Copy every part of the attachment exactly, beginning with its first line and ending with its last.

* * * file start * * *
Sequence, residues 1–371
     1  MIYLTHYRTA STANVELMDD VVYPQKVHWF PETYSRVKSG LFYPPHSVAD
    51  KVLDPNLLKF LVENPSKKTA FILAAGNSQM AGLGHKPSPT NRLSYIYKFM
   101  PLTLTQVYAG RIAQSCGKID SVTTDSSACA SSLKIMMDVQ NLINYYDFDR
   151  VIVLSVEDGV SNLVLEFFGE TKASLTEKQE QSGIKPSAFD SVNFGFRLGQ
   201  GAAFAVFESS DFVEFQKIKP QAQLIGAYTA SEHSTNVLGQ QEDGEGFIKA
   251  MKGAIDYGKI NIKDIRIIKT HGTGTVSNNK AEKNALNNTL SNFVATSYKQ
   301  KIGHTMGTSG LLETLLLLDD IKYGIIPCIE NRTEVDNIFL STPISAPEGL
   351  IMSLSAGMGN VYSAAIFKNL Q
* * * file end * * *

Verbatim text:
Sequence, residues 1–371
     1  MIYLTHYRTA STANVELMDD VVYPQKVHWF PETYSRVKSG LFYPPHSVAD
    51  KVLDPNLLKF LVENPSKKTA FILAAGNSQM AGLGHKPSPT NRLSYIYKFM
   101  PLTLTQVYAG RIAQSCGKID SVTTDSSACA SSLKIMMDVQ NLINYYDFDR
   151  VIVLSVEDGV SNLVLEFFGE TKASLTEKQE QSGIKPSAFD SVNFGFRLGQ
   201  GAAFAVFESS DFVEFQKIKP QAQLIGAYTA SEHSTNVLGQ QEDGEGFIKA
   251  MKGAIDYGKI NIKDIRIIKT HGTGTVSNNK AEKNALNNTL SNFVATSYKQ
   301  KIGHTMGTSG LLETLLLLDD IKYGIIPCIE NRTEVDNIFL STPISAPEGL
   351  IMSLSAGMGN VYSAAIFKNL Q